Citing First Amendment, University of California Rejects State Legislature Resolution
August 31, 2012
On Tuesday, the California State Assembly unanimously passed a nonbinding resolution (PDF) that "urges both the University of California (UC) and the California State University to take additional actions to confront anti-Semitism on its campuses," including a ban on the use of public resources for "anti-Semitic or any intolerant agitation." The San Francisco Chronicle's Nanette Asimov reports that the University of California has already indicated it will not comply with the resolution's requests:
The University of California says it won't support a resolution condemning anti-Semitism on campus - approved unanimously by the state Assembly on Tuesday - because the resolution says "no public resources will be allowed to be used for any anti-Semitic or any intolerant agitation."
"We think it's problematic because of First Amendment concerns," said Steve Montiel, a UC spokesman.
However well-intentioned the state legislature's resolution may be, this is the correct response from UC, a public university system bound by the First Amendment. While the resolution states that the recommended actions should be taken "with due respect to the First Amendment to the United States Constitution," the call is nevertheless troubling, given that speech many would consider to be anti-Semitic or an instance of "intolerant agitation" is protected by the First Amendment.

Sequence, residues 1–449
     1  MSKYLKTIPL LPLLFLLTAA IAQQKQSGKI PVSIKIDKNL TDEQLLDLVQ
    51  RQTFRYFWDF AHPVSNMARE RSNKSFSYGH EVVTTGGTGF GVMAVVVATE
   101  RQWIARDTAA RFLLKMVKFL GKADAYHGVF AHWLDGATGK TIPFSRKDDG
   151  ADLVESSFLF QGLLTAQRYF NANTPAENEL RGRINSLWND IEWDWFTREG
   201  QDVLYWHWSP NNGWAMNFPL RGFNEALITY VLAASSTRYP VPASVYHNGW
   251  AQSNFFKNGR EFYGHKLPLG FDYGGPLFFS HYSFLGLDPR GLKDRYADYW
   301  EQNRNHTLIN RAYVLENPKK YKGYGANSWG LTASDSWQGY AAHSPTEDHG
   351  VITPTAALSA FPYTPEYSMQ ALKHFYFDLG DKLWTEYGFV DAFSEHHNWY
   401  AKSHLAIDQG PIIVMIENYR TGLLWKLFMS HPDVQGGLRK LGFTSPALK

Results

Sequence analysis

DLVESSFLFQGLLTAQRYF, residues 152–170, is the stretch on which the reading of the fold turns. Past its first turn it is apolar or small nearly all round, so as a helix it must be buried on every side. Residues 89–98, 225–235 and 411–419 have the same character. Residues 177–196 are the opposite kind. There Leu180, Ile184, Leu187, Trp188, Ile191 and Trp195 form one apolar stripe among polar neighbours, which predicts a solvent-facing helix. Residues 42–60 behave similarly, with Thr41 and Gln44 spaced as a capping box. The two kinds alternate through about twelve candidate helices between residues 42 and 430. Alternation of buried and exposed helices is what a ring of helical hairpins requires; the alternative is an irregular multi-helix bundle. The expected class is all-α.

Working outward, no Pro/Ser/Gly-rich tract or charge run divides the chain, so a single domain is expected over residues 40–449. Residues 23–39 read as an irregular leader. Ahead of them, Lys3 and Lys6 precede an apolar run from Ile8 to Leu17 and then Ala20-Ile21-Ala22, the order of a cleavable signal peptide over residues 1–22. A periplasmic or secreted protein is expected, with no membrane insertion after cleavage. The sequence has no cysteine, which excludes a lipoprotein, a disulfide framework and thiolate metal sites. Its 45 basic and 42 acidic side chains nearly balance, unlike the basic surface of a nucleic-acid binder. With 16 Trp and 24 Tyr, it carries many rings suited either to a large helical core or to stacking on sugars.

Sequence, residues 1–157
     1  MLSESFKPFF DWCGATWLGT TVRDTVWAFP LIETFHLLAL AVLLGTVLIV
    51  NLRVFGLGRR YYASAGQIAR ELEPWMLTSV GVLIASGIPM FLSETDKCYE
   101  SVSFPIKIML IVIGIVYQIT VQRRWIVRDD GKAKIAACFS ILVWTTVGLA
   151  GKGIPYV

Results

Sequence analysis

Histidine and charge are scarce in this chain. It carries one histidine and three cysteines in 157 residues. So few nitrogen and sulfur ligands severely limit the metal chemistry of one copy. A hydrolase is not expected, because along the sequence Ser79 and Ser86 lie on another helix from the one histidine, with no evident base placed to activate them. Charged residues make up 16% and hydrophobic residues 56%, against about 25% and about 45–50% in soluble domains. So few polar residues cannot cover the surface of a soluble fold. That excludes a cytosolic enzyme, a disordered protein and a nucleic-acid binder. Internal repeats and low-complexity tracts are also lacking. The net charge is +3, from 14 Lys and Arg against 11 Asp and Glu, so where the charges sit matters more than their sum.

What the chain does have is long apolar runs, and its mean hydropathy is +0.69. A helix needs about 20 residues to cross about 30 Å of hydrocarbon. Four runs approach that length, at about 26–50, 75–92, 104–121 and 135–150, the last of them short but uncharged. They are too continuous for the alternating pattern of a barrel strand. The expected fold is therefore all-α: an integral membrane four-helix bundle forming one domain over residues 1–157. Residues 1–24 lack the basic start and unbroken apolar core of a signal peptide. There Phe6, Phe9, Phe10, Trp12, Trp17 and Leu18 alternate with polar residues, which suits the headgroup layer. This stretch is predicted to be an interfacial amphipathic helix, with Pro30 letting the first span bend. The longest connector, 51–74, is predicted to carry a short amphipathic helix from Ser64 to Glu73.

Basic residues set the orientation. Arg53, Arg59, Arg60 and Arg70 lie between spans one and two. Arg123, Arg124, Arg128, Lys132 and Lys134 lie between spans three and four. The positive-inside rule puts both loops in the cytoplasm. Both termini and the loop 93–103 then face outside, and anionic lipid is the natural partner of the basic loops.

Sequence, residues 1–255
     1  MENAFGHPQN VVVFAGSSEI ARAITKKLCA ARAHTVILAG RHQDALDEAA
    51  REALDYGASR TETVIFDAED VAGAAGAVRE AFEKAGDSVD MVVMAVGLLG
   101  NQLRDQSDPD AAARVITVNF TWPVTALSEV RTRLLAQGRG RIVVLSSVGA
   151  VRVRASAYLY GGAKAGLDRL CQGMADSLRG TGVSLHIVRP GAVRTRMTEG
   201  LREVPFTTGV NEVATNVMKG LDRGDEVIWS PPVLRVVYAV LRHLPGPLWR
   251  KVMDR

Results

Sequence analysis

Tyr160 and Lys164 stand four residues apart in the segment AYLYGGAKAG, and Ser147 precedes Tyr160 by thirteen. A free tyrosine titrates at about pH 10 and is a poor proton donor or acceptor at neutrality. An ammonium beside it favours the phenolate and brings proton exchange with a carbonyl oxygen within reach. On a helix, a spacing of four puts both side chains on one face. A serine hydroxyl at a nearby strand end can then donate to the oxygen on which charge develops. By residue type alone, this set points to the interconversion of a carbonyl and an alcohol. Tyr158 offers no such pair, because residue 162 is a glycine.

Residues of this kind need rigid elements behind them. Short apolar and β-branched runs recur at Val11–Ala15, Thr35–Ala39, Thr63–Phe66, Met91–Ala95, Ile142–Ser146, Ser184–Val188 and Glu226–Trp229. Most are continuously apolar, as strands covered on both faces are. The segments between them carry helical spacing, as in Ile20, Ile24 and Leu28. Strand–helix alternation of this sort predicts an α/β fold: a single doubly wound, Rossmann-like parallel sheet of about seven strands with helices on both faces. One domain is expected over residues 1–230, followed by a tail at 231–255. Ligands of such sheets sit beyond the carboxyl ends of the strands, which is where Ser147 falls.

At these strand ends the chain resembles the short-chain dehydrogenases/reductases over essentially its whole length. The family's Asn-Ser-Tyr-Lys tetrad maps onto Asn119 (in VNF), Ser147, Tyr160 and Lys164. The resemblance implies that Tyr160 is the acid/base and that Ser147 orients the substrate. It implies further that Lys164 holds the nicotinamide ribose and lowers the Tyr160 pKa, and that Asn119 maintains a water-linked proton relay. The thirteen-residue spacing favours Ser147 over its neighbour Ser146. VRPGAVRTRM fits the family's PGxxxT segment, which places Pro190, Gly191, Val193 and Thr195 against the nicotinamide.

As Torch readers will remember, the Assembly's resolution comes on the heels of last month's formal recommendation from UC's Advisory Council on Campus Climate, Culture and Inclusion that UC ban "hate speech" on campus. In a letter, FIRE warned UC System President Mark Yudof about the expensive and embarrassing First Amendment litigation that would inevitably follow such a ban—litigation the advisory committee actually welcomed. We were pleased that both President Yudof's response to FIRE and his response to concerned Jewish UC community members emphasized that he understands that UC must honor its First Amendment commitments, which are legally and morally binding on the University of California System.
For more on why a ban on "hate speech" is a bad idea, check out my recent interview with ReasonTV discussing the UC recommendation and why it hurts all students, including those it's intended to protect.